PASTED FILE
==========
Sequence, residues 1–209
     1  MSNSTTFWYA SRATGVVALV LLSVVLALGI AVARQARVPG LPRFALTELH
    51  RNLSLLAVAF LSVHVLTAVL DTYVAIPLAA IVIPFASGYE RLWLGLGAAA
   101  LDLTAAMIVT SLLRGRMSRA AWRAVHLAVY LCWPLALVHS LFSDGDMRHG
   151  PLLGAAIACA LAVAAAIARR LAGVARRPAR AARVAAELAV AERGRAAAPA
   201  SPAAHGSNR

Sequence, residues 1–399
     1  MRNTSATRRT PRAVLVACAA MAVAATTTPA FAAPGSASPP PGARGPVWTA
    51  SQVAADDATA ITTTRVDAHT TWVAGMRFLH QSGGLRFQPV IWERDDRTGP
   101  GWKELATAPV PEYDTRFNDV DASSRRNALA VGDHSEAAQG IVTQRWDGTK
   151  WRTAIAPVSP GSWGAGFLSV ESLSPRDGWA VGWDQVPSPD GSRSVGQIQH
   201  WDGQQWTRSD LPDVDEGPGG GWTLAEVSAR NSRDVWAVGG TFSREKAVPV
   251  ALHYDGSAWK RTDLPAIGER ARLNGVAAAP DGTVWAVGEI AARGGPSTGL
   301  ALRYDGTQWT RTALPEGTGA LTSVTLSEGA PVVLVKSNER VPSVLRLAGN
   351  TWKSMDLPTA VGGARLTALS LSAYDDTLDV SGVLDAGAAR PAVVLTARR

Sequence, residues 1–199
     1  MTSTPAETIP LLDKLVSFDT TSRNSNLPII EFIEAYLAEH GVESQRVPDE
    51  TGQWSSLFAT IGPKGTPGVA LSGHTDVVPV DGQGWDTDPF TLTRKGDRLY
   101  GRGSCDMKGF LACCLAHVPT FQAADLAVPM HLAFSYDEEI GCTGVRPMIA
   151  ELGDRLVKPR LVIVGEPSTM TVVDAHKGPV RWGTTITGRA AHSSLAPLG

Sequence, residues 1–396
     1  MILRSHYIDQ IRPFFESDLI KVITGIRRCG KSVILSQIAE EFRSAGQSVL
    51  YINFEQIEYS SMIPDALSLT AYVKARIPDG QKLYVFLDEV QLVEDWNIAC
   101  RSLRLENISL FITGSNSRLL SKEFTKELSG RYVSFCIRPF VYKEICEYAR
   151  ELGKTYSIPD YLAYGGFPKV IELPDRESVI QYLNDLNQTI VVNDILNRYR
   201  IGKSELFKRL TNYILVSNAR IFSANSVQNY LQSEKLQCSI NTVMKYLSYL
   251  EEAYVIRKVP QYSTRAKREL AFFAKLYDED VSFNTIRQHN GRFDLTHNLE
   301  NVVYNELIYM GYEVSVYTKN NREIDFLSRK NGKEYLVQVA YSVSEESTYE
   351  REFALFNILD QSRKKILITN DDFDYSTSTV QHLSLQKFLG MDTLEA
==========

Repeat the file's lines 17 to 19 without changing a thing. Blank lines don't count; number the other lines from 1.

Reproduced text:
     1  MTSTPAETIP LLDKLVSFDT TSRNSNLPII EFIEAYLAEH GVESQRVPDE
    51  TGQWSSLFAT IGPKGTPGVA LSGHTDVVPV DGQGWDTDPF TLTRKGDRLY
   101  GRGSCDMKGF LACCLAHVPT FQAADLAVPM HLAFSYDEEI GCTGVRPMIA